Wildcards in Prometheus queries

Learn how to query data in Prometheus and how to use wildcards

Written by Kevin Gimbel on , 🍿 2 min. read

Hello and welcome to this "snippet-sized" post about Prometheus queries! Prometheus is a time-series database which means it is build to collect a lot of datasets that show values over time, for example the result of a HTTP request or the RAM usage of a server. At Synoa we use Prometheus to monitor the health of our APIs and systems. I won't go into how Prometheus is setup, that's stuff for a different article, but instead this article focuses on how to query data with wildcards in Prometheus, using Prometheus own query language.

First we need to define a bit of test data. Assume we have the following datasets in Prometheus:

http_status{job="customer-dev",instance="https://dev.some-api.link/service-a",env="dev"}
http_status{job="customer-dev",instance="https://dev.some-api.link/service-b",env="dev"}
http_status{job="customer-dev",instance="https://dev.some-api.link/service-c",env="dev"}
http_status{job="customer-prd",instance="https://some-api.link/service-a",env="prd"}
http_status{job="customer-prd",instance="https://some-api.link/service-b",env="prd"}
http_status{job="customer-prd",instance="https://some-api.link/service-c",env="prd"}

Here we have 6 datasets describing service-a, service-b, and service-c running in the PRD (production) and DEV (development) environment. To get all production services we could query like this:

Prometheus Query

http_status{env="prd"}

Result

http_status{job="customer-prd",instance="https://some-api.link/service-a",env="prd"}
http_status{job="customer-prd",instance="https://some-api.link/service-b",env="prd"}
http_status{job="customer-prd",instance="https://some-api.link/service-c",env="prd"}

Wildcards in queries

Coming from MySQL you may think a wildcard could look like http_status{job="customer-*"}, but that's not the case with Prometheus. Prometheus uses a Regex-like pattern and the wildcard character is .+ (read: dot plus) combined with tilde character (~) instead of just the equal sign (=). So the query becomes http_status{job~="customer-.+"}. In the example below using the .+ wildcard character we search for metrics where the instance label ends with service-c.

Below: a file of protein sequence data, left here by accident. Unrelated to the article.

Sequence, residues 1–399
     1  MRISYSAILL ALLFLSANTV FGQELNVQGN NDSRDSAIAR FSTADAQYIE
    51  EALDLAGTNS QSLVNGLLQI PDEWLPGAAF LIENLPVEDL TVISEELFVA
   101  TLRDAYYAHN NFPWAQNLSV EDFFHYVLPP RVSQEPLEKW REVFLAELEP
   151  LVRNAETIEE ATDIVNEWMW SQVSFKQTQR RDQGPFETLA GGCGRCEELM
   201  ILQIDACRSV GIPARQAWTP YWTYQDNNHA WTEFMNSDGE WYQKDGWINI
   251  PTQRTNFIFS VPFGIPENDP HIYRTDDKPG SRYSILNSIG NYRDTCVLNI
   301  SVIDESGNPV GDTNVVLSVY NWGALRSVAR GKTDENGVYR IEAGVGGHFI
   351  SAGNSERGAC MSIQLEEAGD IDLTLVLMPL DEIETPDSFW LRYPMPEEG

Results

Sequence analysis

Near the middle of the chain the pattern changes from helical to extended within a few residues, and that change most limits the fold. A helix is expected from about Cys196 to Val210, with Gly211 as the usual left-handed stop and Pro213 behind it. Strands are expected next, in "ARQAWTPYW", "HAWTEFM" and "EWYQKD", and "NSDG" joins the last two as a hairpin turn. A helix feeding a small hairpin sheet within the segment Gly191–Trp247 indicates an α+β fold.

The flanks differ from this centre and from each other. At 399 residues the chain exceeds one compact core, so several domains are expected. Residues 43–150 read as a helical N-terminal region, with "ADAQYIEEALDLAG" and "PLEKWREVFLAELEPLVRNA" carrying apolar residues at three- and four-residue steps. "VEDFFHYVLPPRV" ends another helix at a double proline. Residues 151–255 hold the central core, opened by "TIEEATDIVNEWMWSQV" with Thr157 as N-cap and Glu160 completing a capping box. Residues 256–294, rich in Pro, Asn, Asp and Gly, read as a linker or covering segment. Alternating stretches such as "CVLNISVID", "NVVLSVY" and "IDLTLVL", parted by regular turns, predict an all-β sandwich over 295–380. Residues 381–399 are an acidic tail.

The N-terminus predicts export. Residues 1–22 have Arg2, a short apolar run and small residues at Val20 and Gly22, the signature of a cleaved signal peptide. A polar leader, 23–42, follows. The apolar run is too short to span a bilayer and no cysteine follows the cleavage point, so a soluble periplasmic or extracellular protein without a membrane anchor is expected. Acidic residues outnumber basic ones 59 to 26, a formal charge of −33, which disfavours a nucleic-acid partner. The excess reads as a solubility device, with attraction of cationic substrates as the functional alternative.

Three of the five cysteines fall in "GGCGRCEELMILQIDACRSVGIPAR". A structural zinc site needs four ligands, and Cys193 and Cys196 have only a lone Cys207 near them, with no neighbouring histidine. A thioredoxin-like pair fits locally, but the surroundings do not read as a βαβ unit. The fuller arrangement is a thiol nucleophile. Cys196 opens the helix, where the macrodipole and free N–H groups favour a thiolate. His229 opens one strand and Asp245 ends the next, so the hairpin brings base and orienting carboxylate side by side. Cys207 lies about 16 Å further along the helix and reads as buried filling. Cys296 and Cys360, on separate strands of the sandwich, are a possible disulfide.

Prometheus uses the tilde character ~ to indicate a query contains a wildcard. Inside the label-query the "dot plus" (.+) character combination is used where all characters are accepted.

Prometheus Query

http_status{instance=~".+service-c"}

Result

http_status{job="customer-dev",instance="https://dev.some-api.link/service-c",env="dev"}
http_status{job="customer-prd",instance="https://some-api.link/service-c",env="prd"}

Depending on how your metrics are labels querying can be hard or easy. At Synoa I decided to include special labels like env, system, as well as "good" job names. The job label always has the format customer-env-system, e.g. customer-prd-magento or customer-env-ecs. If I want to get all customer metrics I query like http_status{job="customer-.+"}, if I want to see all dev system metrics I can query for http_status{job="customer-dev-.+"}, and so on!

If you got a better label system or a must-have label let me know on Twitter @KevinGimbel.

Further reading

Hi, I'm Kevin!

I'm a DevOps Engineer with a focus on automation and security. Before shifting into DevOps and cloud computing I worked as Front-End Developer, which is still a hobby and field of interest for me.

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I'm very passionated about a variety of games - digital, boardgames, and pen & paper; and also interested in Sci-Fi, Cyberpunk, and dystopian books. You can find out more on the about page.